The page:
If it were only McEwan’s characterizations that grabbed me, Atonement might just be an OK novel, but I am consistently surprised at how many nuggets of truth the author sticks in. And they don’t seem preachy because he has made them so much a part of his characters.
This brings me to a part from the beginning of the novel (around page 35) that I was thinking about today. Briony Tallis is a young girl of thirteen … a very precocious, thoughtful, introspective, perfectionistic young girl who has just written a play for her family members to perform. After her performers cannot live up to her creative standards, Briony sits down and starts to think.
The silence hissed in her ears and her vision was faintly distorted – her hands in her lap appeared unusually large and at the same time remote, as though viewed across an immense distance. She raised one hand and flexed its fingers and wondered, as she had sometimes before, how this thing, this machine for gripping, this fleshy spider on the end of her arm, came to be hers, entirely at her command. Or did it have some little life of its own? She bent her finger and straightened it. The mystery was in the instant before it moved, the dividing moment between not moving and moving when her intention took effect. It was like a wave breaking. If she could only find herself at the crest, she thought, she might find the secret of herself, that part of her that was really in charge. She brought her forefinger closer to her face and stared at it, urging it to move. It remained still because she was pretending, she was not entirely serious, and because willing it to move, or being about to move it, was not the same as actually moving it. And when she did crook it finally, the action seemed to start in the finger itself, not in some part of her mind. When did it know to move, when did she know to move it? There was no catching herself out. It was either-or. There was no stitching, no seam, and yet she knew that behind the smooth continuous fabric was the real self – was it her soul? – which took the decision to cease pretending, and gave the final command.I love the richness of this paragraph and how it so beautifully describes the intricacy of something extremely simple. I have these thoughts many times as I’m sitting or walking. I’ll start thinking about the vastness and glory of creation and be dumb-founded for a few minutes. The world starts moving slower. I notice everything. There is beauty everywhere because everything has an intricate design. Then I find myself having thoughts like Briony does in the next paragraph:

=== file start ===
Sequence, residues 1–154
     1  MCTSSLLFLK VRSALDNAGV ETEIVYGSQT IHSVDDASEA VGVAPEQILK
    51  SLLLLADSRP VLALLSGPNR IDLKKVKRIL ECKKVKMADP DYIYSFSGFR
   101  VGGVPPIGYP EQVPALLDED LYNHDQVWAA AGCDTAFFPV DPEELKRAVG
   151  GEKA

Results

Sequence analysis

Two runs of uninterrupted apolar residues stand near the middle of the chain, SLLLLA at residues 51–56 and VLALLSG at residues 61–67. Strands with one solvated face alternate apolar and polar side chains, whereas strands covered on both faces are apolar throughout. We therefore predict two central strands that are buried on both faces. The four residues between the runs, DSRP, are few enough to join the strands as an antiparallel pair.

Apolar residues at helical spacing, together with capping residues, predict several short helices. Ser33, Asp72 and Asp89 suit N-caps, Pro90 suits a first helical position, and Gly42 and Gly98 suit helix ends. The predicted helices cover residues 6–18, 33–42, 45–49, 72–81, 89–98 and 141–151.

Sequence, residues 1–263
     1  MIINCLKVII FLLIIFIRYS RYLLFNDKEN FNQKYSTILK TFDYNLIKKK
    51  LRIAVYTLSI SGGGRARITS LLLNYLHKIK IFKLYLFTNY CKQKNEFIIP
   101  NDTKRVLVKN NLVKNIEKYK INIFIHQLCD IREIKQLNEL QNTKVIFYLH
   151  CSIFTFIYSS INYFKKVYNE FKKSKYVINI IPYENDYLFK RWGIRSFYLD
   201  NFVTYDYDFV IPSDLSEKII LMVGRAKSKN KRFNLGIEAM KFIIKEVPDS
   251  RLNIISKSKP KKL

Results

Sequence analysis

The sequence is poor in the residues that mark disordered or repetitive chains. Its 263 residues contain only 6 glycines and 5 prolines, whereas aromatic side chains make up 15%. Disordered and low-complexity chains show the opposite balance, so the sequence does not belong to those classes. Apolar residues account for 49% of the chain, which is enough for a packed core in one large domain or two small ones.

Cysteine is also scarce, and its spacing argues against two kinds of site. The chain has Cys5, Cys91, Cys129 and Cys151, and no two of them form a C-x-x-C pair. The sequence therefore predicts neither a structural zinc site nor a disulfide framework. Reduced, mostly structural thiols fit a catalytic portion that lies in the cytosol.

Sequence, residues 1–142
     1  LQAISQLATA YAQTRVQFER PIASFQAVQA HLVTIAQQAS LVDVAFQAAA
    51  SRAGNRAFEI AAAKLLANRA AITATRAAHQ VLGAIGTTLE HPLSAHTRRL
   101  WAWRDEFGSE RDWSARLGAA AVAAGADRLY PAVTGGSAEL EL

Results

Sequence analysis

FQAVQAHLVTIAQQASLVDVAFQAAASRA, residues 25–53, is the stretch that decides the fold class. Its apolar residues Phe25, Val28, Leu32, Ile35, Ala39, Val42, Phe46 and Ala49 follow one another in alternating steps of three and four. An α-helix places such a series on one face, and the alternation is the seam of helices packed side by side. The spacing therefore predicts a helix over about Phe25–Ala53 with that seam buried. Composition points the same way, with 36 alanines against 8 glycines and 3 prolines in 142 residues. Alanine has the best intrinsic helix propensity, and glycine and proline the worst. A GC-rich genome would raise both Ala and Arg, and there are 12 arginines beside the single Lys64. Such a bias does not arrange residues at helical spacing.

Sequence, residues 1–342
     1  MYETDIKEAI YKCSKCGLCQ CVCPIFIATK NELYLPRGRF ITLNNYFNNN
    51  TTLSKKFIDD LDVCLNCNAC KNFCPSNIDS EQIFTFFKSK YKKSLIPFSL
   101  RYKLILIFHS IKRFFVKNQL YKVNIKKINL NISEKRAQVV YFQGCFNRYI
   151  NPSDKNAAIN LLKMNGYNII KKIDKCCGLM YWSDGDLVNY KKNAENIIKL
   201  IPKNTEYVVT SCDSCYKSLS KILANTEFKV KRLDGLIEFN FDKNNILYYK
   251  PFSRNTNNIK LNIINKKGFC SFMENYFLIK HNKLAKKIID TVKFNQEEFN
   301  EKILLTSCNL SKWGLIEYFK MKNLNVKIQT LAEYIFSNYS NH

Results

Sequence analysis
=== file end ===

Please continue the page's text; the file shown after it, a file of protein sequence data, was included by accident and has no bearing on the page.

Was everyone else really as alive as she was? For example, did her sister really matter to herself, was she as valuable to herself as Briony was? Was being Cecilia just as vivid an affair as being Briony? Did her sister also have a real self-concealed behind a breaking wave, and did she ever spend time thinking about it, with a finger held up to her face? Did everyone [else]? If the answer was yes, then the world, the social world, was unbearably complicated, with two billion voices, and everyone’s thoughts striving in equal importance and everyone’s claim on life as intense, and everyone thinking they were unique, when no one was. One could drown in irrelevance. But if the answer was no, then Briony was surrounded by machines, intelligent and pleasant enough on the outside, but lacking the bright and private inside feeling that she had. This was sinister and lonely, as well as unlikely. For, though it offended her sense of order, she knew it was overwhelmingly probable that everyone else had thoughts like hers. She knew this, but only in a rather arid way; she didn’t really feel it.I guess I shouldn’t be surprised at some people not thinking about life as much as I do, but it makes me wonder how some people who are not consistently introspective are able to live a full life. It seems to me like they would “drown in irrelevance.”
Just my thoughts. Take from them what you will.